ERG SES H 10, Gender and Education
This paper reports my Doctoral research exploring British South Asian maternal preferences regarding school placement settings for children with Special Education Needs and/or Disabilities (SEND). Current research provides an insight into parental expectations of educational settings; for instance, Runswick-Cole (2007) suggests parents who supported mainstream placement valued integration, whereas parents choosing special schools valued one-to-one support. Similarly, Lindsay and Dockrell (2004) found parents chose mainstream because it positively impacted their child’s social skills. My Doctoral research probes deeper into maternal expectations of schools including their notions of the ‘perfect school’.
Research Aims and Questions
This research explores South Asian maternal preferences for special or mainstream placements for their disabled children, and the experiences, roles and attitudes of South Asian mothers towards inclusive education. The following research questions are addressed:
- What are the views and expectations of South Asian mothers (of children with SEND) of their own roles in their child’s education?
- What are the views and expectations of these South Asian mothers with regards to the school’s role in their child’s life?
- How do broader influences (culture, religion, gender, and immigrant history) affect their experiences of supporting their child in the UK?
- What factors influence South Asian mothers’ preferences for deciding on special or mainstream placement for their children with SEND?
The first two research questions are crucial to address. Mothering skills coaching has historically been provided by health, education and welfare services through child-rearing pamphlets or workshops, and Griffith and Smith (2005) argue that ‘good mothering’ is gauged by how well women perform against benchmarks set by these institutions. Therefore, understanding broader familial experiences of inclusive education necessitates examining the multiplicity of maternal roles.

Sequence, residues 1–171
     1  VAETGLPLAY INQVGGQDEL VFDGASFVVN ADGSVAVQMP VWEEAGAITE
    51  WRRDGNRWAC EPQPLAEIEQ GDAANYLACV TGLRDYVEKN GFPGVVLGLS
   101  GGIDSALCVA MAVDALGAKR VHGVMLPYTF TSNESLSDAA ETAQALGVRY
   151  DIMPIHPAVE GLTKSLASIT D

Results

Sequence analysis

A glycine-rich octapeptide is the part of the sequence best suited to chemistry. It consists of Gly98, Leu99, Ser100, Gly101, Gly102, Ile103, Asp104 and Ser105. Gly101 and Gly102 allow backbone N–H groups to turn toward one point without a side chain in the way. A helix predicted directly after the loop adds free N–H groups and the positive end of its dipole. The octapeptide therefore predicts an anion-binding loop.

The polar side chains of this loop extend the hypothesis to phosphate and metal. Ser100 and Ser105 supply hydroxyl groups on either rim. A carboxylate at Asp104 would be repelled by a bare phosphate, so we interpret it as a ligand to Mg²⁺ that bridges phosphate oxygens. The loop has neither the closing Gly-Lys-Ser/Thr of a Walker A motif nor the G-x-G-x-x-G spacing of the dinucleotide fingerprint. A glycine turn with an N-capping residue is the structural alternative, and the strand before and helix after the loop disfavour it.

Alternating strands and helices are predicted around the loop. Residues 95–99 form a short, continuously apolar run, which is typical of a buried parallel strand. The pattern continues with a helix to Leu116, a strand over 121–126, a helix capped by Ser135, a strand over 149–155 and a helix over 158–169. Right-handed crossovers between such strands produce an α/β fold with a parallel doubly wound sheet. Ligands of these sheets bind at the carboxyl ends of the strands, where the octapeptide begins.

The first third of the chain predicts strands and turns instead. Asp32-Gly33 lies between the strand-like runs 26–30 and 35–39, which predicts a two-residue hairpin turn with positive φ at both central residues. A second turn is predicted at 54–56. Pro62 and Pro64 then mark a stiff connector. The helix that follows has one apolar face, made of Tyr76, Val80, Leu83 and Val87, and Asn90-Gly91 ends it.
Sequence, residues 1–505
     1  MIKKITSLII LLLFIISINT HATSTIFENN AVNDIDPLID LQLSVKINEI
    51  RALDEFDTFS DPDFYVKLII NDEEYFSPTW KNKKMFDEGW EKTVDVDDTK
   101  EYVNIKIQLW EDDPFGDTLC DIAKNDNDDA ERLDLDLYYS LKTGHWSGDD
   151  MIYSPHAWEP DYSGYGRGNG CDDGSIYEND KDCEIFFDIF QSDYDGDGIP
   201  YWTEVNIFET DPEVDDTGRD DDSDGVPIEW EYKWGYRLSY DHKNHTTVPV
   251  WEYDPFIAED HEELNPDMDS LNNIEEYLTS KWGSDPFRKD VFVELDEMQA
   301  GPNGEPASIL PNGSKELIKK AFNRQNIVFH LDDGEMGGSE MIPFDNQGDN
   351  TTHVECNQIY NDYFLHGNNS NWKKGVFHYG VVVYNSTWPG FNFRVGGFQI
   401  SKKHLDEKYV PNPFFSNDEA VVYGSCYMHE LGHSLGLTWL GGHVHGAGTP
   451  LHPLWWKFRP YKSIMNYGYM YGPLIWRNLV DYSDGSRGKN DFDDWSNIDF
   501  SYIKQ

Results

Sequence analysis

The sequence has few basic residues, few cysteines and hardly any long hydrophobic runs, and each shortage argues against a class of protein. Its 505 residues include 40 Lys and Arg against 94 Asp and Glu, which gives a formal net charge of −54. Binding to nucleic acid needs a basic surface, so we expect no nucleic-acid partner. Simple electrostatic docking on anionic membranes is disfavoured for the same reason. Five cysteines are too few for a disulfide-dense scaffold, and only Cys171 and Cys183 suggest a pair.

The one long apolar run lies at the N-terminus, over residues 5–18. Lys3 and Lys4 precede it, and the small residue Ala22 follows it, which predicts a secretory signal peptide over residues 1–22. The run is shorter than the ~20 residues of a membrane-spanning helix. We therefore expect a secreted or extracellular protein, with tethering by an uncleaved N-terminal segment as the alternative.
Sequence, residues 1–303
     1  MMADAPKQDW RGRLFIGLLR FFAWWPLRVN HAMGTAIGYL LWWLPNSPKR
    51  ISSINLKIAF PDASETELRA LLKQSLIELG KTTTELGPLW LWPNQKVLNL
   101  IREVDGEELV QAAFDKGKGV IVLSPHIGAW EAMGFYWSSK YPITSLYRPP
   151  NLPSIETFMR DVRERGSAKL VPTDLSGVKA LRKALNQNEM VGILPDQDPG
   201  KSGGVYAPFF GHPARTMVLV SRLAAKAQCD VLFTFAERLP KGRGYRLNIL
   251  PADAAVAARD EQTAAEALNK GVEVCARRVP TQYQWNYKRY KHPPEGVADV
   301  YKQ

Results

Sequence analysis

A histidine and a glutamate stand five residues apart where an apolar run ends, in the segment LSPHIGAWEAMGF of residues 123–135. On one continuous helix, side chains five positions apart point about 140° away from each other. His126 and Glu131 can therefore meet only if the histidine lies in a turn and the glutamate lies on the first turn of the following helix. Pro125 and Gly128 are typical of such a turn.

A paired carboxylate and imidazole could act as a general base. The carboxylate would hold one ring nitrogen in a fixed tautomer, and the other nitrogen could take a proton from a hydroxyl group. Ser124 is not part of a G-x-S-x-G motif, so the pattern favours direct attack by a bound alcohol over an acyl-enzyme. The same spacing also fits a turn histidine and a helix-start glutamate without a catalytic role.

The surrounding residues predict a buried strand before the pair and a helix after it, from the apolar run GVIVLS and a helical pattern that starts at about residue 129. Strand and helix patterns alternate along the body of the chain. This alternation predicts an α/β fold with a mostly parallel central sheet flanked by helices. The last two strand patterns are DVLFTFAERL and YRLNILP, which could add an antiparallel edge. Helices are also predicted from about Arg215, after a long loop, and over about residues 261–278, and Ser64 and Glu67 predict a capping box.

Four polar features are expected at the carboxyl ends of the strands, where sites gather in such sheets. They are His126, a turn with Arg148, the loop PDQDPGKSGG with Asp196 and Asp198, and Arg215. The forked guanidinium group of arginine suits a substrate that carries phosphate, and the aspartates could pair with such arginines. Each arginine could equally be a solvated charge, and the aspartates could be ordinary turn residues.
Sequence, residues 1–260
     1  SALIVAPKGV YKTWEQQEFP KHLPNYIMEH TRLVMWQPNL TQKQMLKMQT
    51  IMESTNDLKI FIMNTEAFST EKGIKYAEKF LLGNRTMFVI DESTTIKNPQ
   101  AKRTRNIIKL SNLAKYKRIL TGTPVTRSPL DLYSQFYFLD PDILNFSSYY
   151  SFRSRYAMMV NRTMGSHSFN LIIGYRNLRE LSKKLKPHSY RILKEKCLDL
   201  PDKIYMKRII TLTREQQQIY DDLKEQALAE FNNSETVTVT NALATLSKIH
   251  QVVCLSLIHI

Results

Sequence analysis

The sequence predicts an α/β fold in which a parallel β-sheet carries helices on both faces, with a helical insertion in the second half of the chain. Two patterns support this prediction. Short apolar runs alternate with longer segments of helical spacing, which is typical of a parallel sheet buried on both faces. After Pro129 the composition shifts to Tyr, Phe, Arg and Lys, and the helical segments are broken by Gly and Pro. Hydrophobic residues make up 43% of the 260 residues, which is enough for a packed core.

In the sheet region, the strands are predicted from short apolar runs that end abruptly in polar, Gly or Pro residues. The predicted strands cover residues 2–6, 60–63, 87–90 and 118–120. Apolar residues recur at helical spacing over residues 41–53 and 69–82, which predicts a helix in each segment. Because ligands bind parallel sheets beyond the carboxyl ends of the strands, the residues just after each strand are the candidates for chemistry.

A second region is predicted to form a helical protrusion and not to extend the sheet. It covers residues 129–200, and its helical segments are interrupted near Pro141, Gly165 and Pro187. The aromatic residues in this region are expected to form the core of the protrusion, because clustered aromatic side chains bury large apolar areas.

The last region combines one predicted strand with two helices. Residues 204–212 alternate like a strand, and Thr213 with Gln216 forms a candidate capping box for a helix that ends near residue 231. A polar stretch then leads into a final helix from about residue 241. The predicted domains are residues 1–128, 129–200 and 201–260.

The third research question necessarily links broader discourses on religion, culture, immigration and gender to the participants’ everyday experiences (Sayad, 2004). Exploring their level of mainstream integration measures their belongingness to society, and their polarised or hybrid identities. This question also explores whether gendered attitudes to education affect parental placement decisions. Examining broader discourses highlights how participants identify with each factor, shaping participants’ interactions with SEN provisions.
The fourth question asks how parental placement preferences are determined, how informed parents’ decisions were, and the relationship between inclusion and placement choices. This question examines external factors influencing decisions, and how professional ‘expertise’ interacts with parental concerns and knowledge.
Including maternal voices within academic work without a critical objective would be essentialist, unless it addresses the plurality of maternal experiences and “intragroup differences” (Crenshaw, 1991, pg.1242). In proposing Intersectionality, Crenshaw (1991) posited women’s experiences were shaped by multiple identities, and that understanding social inequalities could address social injustice for women with hybrid identities. However, Crenshaw (1991) conceded the intersectional framework was only a starting point to considering a woman’s identity.
Intersectionality became synonymous with minorities living outside mainstream experiences. Feminist academics (Yuval-Davis, 2007; Meekosha, 2005; Weber, 2001) adapted Intersectionality to explain the inequalities women experienced through multiple social divisions. Björnsdóttir and Traustadóttir(2010) also utilised Intersectionality within disability studies. The conceptual flexibility of Intersectionality allows researchers to specifically consider factors relevant to their research, without diminishing the importance of other social divisions. Postcolonial feminist researchers used Intersectionality to challenge essentialist perspectives like ‘rescuing’ Muslim women from oppression or terrorism post-9/11, scrutinising their ethnic, political and religious identities without engaging with them (Brah and Phoenix, 2004).
Weber (2001) adapted Intersectionality as a theoretical lens to draw-out common themes that characterise social divisions. I want to understand South Asian maternal perspectives about their children’s SEND whilst recognising that their fluid identities developed through intersecting social divisions outside the mainstream.
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